Maintaining the quality of exhibitions and improving Dundee’s transport links are the key challenges facing the development of the city’s centrepiece V&A museum, it has been claimed.
Dr Beatriz Plaza told the city’s second economic summit at the Bonar Hall on Wednesday that “second-tier” cities like Dundee and Bilbao could attract the business benefits associated with large museum developments.
But the University of the Basque Country economic development academic warned that the conditions had to be right for projects to reap the biggest rewards.
The academic, who has regularly written on the so-called ‘Guggenheim effect’ since the museum opened in 1997, said reducing the “mental distance” to Dundee would be an important aspect in encouraging would-be collaborators and visitors from afar.
She said “something had to be done” about Dundee’s transport links for international visitors, probably through improving links to an Edinburgh hub.
“If we want the V&A at Dundee to be a success then the connectivity is key not only the mental distance but the cost of the physical distance in terms of time and in terms of money.”
Dr Plaza said the success of the Bilbao project had been down to using the right connections and media to boost international recognition and engender a willingness to cooperate.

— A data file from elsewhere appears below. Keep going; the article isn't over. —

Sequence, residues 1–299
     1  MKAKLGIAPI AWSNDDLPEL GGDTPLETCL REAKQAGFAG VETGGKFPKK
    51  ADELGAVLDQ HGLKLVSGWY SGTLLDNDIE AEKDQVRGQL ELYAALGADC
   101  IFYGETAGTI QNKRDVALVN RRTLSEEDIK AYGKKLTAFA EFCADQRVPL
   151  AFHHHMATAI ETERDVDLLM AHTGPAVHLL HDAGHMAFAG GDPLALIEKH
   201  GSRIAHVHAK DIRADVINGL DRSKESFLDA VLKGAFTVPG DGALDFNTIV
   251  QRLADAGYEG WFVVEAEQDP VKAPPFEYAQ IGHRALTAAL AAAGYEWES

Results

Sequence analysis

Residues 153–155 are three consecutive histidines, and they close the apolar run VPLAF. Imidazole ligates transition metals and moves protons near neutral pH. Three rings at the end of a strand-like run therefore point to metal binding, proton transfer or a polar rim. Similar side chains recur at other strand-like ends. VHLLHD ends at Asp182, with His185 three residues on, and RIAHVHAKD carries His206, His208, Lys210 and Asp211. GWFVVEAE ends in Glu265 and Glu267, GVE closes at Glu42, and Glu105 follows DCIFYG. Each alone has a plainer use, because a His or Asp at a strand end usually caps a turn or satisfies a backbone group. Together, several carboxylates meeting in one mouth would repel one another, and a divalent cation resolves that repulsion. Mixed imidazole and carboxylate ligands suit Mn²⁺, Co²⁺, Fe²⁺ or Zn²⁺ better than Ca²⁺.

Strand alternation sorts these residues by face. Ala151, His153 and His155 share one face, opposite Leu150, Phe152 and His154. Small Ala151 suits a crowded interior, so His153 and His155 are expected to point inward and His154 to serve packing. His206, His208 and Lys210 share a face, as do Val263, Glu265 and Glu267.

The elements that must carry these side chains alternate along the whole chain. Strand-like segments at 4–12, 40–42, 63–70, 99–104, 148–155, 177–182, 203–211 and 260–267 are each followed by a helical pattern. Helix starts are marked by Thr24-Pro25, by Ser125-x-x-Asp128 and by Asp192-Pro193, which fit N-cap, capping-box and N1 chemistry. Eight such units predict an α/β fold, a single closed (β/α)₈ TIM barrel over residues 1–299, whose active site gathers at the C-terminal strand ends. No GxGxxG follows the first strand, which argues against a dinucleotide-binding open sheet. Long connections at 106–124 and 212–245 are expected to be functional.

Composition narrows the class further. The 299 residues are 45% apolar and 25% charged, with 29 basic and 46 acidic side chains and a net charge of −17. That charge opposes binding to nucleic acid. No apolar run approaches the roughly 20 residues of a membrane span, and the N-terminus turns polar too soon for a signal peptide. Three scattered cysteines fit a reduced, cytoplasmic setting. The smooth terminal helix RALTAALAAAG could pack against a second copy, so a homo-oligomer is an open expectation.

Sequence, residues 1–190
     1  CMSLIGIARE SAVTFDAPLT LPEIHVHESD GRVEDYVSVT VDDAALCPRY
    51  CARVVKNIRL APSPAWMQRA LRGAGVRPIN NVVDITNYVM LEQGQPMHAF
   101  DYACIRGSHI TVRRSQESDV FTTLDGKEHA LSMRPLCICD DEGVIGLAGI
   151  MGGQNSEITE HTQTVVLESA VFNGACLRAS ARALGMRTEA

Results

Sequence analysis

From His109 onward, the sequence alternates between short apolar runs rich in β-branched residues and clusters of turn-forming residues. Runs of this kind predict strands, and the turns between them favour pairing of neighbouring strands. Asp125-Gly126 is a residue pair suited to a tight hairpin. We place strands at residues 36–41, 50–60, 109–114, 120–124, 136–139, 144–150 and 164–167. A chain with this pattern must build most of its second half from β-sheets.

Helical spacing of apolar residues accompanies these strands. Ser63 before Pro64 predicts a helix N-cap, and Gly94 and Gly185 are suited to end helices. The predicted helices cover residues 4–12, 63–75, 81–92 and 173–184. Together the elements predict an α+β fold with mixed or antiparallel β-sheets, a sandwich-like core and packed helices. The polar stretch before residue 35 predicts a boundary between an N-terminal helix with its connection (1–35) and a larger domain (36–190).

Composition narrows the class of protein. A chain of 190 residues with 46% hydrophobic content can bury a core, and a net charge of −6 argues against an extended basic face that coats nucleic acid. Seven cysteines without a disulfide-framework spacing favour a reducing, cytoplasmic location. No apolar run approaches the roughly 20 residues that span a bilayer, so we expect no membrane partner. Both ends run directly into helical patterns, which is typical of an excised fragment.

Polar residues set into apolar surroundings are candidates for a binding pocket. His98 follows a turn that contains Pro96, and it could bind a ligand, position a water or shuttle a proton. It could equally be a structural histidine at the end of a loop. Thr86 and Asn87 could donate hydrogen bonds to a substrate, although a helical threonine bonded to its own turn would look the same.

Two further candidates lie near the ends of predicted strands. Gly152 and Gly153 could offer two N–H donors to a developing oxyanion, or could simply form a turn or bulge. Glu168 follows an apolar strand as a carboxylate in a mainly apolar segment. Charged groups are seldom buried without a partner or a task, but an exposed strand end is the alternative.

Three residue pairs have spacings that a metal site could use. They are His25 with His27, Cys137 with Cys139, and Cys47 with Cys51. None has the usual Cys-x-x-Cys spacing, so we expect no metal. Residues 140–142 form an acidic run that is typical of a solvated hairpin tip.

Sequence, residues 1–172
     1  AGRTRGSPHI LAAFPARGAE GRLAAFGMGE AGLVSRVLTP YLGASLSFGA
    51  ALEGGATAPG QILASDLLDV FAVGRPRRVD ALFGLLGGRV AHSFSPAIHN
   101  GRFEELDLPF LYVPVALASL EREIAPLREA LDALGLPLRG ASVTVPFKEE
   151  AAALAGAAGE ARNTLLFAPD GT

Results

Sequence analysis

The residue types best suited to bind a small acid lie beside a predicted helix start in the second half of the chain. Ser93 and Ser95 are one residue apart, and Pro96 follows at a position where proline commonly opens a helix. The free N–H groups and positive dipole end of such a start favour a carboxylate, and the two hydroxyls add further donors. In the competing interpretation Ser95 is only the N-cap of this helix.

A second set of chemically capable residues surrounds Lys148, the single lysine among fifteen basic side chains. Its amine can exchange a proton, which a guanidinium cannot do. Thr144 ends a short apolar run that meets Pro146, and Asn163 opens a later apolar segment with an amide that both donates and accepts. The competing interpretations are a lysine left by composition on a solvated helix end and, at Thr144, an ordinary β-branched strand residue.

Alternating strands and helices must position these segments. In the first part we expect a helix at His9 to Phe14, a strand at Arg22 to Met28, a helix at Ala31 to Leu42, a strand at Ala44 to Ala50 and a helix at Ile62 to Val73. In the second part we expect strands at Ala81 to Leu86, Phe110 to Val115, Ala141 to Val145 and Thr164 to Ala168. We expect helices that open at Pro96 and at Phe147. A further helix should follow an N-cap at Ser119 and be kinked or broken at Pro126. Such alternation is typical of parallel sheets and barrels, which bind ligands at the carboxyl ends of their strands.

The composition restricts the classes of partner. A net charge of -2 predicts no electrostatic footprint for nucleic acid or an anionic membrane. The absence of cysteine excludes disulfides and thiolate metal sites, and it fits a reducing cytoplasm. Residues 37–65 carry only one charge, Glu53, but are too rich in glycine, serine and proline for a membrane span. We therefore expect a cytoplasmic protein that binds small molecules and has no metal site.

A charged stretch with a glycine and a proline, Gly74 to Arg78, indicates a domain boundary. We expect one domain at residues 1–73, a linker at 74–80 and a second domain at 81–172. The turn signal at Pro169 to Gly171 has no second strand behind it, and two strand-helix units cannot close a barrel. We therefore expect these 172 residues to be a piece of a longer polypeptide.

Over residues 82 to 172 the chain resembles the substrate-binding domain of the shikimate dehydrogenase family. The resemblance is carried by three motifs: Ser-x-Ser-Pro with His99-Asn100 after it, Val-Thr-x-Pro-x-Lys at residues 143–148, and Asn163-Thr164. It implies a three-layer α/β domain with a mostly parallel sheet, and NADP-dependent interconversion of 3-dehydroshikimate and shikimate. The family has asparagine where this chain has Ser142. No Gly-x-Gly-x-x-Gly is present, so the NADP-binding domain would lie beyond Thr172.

Just as the Guggenheim’s connection to its New York base was important to Bilbao, she believes the shared language between Dundee and the United States will be vital to driving visitors to the V&A at Dundee.
“The question is whether we mentally see the place as close or as far away,” she added. “Before the Guggenheim, Bilbao was a very far away city mentally speaking it was industrialised, ugly and not a pleasant place. The mental distance was huge.”
But she highlighted the “massive” increase in foreign visitors, including students, drawn to Bilbao in the aftermath of the opening of the Guggenheim despite the northern Spanish city’s relatively small population of around 351,000, heavy industrial past and relatively poor air connections. Museum visitor numbers have held up at around one million a year after peaking at 1.3 million during 1998.
The £45m Dundee project is targeting 500,000 visitors in its first year, and a further 300,000 per year thereafter.
“In the first year there is always a novelty effect, but it becomes about how you will maintain the number of visitors,” Dr Plaza said. “The quality of the exhibitions is key here, and strategic, because it will connect with the media.”
Dr Plaza said the Guggenheim, and its reputation, had an “accumulative effect” on existing strengths in the Bilbao economy, and was a gateway for trade and knowledge exchange in industry as well as the arts.
Before the opening of the museum in 1997 Bilbao already had a developed engineering and architecture sector.
Several years later, local and regional firms in these sectors had grasped their opportunities and turned themselves into international and multinational operators.
While the tourist boom saw employment in the sector increase by more than a quarter during the years to 2005, up by around 4,000 to 19,000, other industries increased their collective workforces by an even greater degree making the city’s economy more varied and less reliant on hospitality than it had been before the building of the museum.